Friday, October 5, 2012

"The Cabin in the Woods" (2012)

Often the best works of a genre are the first example that realizes its full potential, and then the satire that exposes its problems. In between there is usually a descending scale of quality, imagination and commentary or truth. In some cases both examples are to be found in a single entry, as “Don Quixote” did for the pulpy genre of chivalric fiction. For a certain brand of Horror—the one where a bunch of rebellious, hedonistic teens go out into the woods for a weekend of debauchery and meet an unfortunate death—there have been a couple of good examples lately.

The latest of these is “The Cabin in the Woods,” a high concept, philosophical take on the subject. Joss Whedon and Drew Goddard conceived it as fans of the genre that hate the direction it has taken lately. It is, in part, their critique of “torture-porn.” But it also serves as an examination of the whole genre, its purpose, its popularity, and what all of that says about our culture.

The story focuses on the cliché of the teens heading out to the cabin, but all as a secret, controlled operation designed and executed for the pleasure of some very powerful, ancient deities. Sort of like a high tech version of throwing a virgin into a volcano. The idea is that there are centers all around the world conducting these “entertainments.” If they were all to fail, the deities would become discontent, rise up and end the world as we know it.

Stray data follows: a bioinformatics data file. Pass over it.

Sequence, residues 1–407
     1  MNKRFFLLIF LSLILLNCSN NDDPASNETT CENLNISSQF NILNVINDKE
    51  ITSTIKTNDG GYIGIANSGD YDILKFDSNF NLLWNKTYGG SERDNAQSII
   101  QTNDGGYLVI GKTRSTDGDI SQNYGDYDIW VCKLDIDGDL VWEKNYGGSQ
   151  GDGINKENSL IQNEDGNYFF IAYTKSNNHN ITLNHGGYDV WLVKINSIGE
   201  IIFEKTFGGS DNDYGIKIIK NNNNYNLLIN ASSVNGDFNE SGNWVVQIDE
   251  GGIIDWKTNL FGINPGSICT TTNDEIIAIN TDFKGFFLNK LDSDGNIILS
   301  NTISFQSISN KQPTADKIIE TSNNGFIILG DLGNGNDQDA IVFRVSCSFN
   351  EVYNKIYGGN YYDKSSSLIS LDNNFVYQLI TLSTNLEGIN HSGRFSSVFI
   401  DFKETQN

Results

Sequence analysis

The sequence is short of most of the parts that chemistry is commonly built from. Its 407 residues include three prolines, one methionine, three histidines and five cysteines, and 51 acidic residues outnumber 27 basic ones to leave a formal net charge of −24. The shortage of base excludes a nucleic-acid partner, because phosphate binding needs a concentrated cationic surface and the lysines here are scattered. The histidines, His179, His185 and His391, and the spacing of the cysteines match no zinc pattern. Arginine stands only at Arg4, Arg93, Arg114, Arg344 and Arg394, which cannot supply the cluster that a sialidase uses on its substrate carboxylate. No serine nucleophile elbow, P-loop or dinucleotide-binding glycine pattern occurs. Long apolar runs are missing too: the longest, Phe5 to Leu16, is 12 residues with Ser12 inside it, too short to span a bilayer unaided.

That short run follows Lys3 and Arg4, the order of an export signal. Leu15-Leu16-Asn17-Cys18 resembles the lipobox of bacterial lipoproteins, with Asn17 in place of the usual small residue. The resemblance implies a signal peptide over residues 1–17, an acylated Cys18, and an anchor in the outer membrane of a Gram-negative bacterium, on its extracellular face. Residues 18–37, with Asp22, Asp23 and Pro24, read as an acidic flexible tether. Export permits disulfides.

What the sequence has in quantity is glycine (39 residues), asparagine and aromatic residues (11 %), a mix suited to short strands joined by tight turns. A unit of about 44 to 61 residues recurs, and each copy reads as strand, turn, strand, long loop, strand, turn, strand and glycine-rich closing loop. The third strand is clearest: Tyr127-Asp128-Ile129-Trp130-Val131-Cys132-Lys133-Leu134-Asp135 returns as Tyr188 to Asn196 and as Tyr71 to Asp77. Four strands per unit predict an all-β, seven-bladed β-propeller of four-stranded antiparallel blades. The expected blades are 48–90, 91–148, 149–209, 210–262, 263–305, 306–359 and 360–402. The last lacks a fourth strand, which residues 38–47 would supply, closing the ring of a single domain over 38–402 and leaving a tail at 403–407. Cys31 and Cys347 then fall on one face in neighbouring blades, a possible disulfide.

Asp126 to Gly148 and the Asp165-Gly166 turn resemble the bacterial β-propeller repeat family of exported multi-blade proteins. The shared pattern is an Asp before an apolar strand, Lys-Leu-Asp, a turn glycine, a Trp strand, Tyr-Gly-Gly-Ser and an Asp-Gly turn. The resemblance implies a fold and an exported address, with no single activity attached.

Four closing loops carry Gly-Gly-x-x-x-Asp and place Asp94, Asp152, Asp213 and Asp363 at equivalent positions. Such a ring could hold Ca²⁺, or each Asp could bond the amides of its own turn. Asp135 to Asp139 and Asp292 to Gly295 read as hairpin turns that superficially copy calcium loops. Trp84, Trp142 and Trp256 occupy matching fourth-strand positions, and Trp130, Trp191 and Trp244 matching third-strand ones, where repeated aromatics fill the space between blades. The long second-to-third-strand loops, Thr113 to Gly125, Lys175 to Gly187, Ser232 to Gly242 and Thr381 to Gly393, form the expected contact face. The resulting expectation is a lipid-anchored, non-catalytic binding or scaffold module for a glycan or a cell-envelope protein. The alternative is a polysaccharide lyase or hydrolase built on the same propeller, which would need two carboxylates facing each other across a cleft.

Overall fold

As we witness the events with the teenagers (uncomfortably, prescient in our role as the audience) we also observe the people controlling the weekend. The filmmakers, if you will. This all serves to make some not at all subtle commentary on horror films in a near genius fashion. All in all, it is an effective tribute to the entertainment that is horror that gets the audience to thinking about why it is that they demand what they do from their entertainment.

It used to be (and often still is) that horror stories were great teaching vehicles and perfect opportunities to comment on uncomfortable truths in society. It seems that more and more they are just brainless thrills that become increasingly disturbing, not in a horrific sense, but rather in what audiences thinks is “fun.”

Lest one think this is all an exercise in “over-analysis” there are clear clues to the filmmakers intentions early on. The controllers refer to some near disaster that they experienced in 1998. Most reviewers point out that this might refer to “The Truman Show.” That is a likely good guess, as that film refers to a controlled, artificial environment much like the one found in this film. I like to think that they may have also been referring to my favorite film of 1998, “Dark City.”

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